The children’s database ContactPoint has suffered at least three security breaches since its launch, according to an investigation by a national newspaper.

The Daily Telegraph has reported that Freedom of Information Act requests submitted to local authorities already running ContactPoint revealed security breaches in three local authorities last year.

The newspaper said its investigations found that there had been a security breach involving two staff at Westminster County Council.

The was also an incident of “inappropriate behaviour” at East Sussex County Council – where one practitioner shared access information with a colleague who had to yet receive access information – and two incidents at Sheffield County Council that required formal investigation.

However, the Department for Children, Schools and Families said that in the small number of instances where unusual activity had been detected or suspected the local authorities involved immediately investigated and took the correct course of action.

A DCSF spokesperson told EHI Primary Care: “None of these incidents led to data in ContactPoint being compromised, none involved any data being printed or downloaded from ContactPoint, and there is no evidence that any of these instances indicated malicious intent.”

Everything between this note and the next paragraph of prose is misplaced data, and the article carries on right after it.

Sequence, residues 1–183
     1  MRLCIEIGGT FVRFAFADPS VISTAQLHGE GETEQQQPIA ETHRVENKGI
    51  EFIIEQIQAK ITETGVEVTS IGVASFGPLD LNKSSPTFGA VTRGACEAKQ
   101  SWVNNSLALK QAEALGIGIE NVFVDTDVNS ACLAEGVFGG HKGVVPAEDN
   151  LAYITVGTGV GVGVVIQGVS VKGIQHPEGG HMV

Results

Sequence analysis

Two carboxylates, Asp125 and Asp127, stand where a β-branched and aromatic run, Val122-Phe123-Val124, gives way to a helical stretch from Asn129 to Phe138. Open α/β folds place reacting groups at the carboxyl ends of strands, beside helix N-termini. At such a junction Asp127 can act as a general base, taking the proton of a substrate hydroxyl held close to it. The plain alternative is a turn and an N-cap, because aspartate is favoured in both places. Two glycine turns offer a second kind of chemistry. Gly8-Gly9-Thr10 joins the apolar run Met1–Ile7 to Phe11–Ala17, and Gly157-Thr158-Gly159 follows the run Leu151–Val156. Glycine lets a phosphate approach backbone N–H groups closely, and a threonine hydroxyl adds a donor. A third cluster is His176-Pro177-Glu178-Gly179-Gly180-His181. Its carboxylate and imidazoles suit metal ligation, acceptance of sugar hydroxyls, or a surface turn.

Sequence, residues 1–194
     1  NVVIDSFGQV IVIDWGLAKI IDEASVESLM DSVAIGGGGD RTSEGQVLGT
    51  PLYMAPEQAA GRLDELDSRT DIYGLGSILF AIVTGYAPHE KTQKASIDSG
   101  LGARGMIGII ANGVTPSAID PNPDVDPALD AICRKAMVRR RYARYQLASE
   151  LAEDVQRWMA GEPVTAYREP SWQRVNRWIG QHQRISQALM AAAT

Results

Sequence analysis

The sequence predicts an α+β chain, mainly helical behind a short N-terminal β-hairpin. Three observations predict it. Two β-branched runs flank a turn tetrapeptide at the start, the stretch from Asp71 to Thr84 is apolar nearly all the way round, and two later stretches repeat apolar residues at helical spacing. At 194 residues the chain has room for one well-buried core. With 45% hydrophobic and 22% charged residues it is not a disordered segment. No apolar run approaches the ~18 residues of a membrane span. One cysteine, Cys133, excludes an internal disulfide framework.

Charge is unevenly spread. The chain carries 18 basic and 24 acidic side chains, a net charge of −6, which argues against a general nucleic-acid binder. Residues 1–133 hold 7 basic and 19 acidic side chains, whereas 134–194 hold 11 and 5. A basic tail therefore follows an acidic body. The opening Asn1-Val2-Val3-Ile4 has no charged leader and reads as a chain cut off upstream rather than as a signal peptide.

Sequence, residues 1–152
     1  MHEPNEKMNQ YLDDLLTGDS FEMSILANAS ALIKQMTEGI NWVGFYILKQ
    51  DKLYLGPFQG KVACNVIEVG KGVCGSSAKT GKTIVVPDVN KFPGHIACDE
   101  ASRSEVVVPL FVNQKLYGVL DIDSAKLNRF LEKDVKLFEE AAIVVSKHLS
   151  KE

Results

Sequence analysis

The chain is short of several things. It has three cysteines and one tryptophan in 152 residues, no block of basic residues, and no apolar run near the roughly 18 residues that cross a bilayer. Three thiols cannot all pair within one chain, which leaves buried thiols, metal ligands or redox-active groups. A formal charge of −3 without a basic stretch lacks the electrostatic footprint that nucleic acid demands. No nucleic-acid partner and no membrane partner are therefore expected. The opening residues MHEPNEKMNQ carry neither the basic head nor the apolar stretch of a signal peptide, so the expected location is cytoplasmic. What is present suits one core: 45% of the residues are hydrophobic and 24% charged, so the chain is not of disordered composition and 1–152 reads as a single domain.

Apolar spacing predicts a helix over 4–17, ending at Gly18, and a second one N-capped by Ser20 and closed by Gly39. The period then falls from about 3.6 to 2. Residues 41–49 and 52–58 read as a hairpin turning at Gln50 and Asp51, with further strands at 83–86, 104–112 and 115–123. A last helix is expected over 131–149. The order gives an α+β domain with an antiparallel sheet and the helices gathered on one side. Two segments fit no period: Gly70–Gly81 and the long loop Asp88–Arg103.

The spokesperson added that the incidents all took place in early 2009 and that in light of them it had further strengthened its training and guidance materials on correct procedures and use of ContactPoint.

The DCSF added: “Security is of paramount importance for ContactPoint and a significant set of measures and controls are in place.

"The use of ContactPoint is monitored and audited at both national and local level. Local authorities and National Partners are responsible for investigating suspected misuse within their area of responsibility. A central DCSF team also reviews use of the system.”

The database holds demographic data for the 11m children in England and was first used by selected professionals in 17 local authorities in the North West from May. In October, the DCSF announced the national roll-out of the database to local authorities across England.

The Conservative and Liberal Democrat parties have both pledged to scrap the database if they win the next general election.

Tim Loughton, shadow children’s minister, told the Daily Telegraph that he believes the security breaches were just the tip of the iceberg.

He added: “Once there are 400,000 users of ContactPoint there will be scope for colossal abuse of the system. ContactPoint is not and cannot be secure."

A parliamentary question tabled by Tim Loughton earlier this month also revealed that between 2 November and 18 December the database was operating without its children missing education (CME) function.

In answer to Loughton’s question, children’s minister Dawn Primarolo said the DCSF had raised an issue with the supplier of the ContactPoint system after a local authority identified that it could no longer access the CME report function.

She added: “The issue was raised using the standard problem resolution process and the functionality was restored on 18 December 2009.”